A team worth what its people worth, and that’s why you have to keep your collaborators motivated and happy. There are several ways to achieve this goal, and 1-on-1 meetings are one of the strategies that work best to find out what employees’ expectations and goals are.
Thanks to these talks, team managers can identify the main motivators of each employee, as well as those problems that may be affecting their development and performance.
These meetings, which can be held weekly or monthly, also serve to contextualize the results obtained from the surveys carried out with Team Insights. Through interviews and personal conversations, we will be able to obtain a large amount of qualitative information that will help us to have a deep understanding of the state of the corporate culture and the work environment of our organization.
The 1-on-1 is, without a doubt, a tool with enormous potential to build better teams if we know how to carry them out, which implies going beyond asking about the day-to-day and letting employees vent by explaining their frustrations.
These face-to-face meetings represent an ideal setting to ask relevant and significant questions, the answers to which will not only help you as a manager to get to know your team better, but will also serve as a guide to employees: a better understanding of their task, better execution and satisfaction.
At a first sight, 1-on-1 meetings take place through informal conversations with little or no structure.
Managers and their team members talk freely about their routines, how they feel, what challenges they face, if they need help… in short, we speak to obtain information on how to create a better environment in which workers can be more motivated, satisfied, engaged and happy.
For this reason, we cannot miss the opportunity to improve our management and the employee experience because we do not know how to lead this type of meeting.
Below, we share with you the structure of a 1 on 1 meeting that will hepl you to take your meetings with your employees to the next level.
1. The three key questions
As we said, 1:1 meetings are informal chats. This is so because employees feel more predisposed to share their vision about the organization and open up with their managers without fear of being judged and rejected.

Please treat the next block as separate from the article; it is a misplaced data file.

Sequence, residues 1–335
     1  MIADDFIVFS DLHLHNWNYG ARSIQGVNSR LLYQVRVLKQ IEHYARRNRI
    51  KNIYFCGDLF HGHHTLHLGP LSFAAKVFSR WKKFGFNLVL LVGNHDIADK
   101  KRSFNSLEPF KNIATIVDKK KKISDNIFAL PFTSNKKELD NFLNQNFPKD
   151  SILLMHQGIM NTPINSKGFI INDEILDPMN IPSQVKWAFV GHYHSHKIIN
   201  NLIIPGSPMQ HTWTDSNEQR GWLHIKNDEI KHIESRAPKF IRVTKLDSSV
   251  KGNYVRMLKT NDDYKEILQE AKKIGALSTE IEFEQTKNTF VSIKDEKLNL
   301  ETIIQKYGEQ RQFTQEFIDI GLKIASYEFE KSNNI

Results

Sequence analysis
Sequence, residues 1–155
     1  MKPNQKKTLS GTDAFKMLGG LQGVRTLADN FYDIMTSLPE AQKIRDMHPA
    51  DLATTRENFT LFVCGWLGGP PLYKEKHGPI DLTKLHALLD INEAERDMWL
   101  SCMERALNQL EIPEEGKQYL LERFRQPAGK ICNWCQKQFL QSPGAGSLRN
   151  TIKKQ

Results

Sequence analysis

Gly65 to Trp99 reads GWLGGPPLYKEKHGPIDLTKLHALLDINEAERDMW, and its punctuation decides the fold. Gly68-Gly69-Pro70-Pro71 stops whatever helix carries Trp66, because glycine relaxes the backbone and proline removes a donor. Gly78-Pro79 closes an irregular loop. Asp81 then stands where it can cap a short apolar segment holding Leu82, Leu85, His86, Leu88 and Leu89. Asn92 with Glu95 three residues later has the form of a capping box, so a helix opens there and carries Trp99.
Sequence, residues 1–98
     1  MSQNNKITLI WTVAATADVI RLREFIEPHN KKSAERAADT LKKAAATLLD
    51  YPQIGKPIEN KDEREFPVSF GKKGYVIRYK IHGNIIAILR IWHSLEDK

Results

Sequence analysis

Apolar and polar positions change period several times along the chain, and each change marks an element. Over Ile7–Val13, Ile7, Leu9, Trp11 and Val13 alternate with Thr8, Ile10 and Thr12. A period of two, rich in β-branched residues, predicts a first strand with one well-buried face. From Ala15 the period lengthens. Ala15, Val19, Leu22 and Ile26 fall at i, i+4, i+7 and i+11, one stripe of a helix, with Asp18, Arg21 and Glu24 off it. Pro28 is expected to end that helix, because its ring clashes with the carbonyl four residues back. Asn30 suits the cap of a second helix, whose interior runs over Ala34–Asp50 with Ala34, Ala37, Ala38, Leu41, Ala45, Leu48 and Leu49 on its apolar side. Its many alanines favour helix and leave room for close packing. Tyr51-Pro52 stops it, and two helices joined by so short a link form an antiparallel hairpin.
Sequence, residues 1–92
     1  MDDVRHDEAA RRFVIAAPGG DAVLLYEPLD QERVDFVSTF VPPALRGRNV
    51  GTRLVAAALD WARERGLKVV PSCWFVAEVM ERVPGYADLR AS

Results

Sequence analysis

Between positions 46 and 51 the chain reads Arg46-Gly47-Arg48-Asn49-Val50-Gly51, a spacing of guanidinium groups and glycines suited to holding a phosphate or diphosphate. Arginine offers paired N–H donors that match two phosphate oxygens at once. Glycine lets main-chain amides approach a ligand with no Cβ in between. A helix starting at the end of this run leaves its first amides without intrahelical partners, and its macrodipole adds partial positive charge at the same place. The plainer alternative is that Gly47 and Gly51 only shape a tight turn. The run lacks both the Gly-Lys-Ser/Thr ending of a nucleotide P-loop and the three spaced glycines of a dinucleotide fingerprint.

But also, because in that way employees know more personally who is in charge of managing the team in a less rigid and corseted context.
Even so, the 1 on 1 are too important not to prepare a structure that serves to take advantage of time and, above all, obtain truly valuable information. So, instead of talking about random topics, start with these three simple questions:
- What is working in the team?
- What can we improve?
- Is there something we’re missing?
Why these questions? Because they encourage employees to think positively, fostering them to respond honestly. If we asked them what is not working, we could drive a feeling of discomfort by pushing employees to say not-so-nice things about the organization.
Once the questions have been launched, write down the employee’s answers on a piece of paper or on a whiteboard. You will need them later!
2. Digging into the answers
The next step is to discuss the answers. The main problem with ineffective 1:1s is that conversations stay on the surface. Instead, once you have the answers written down, you can ask your interlocutors the reasons for their conclusions.
Imagine that an employee told you that the weekly meetings are not working as they should. It is your time to ask, why do you think they are not working? It is important to emphasize the you , since we are talking about a person’s vision of their work and our task is to understand the difficulties they might be going through.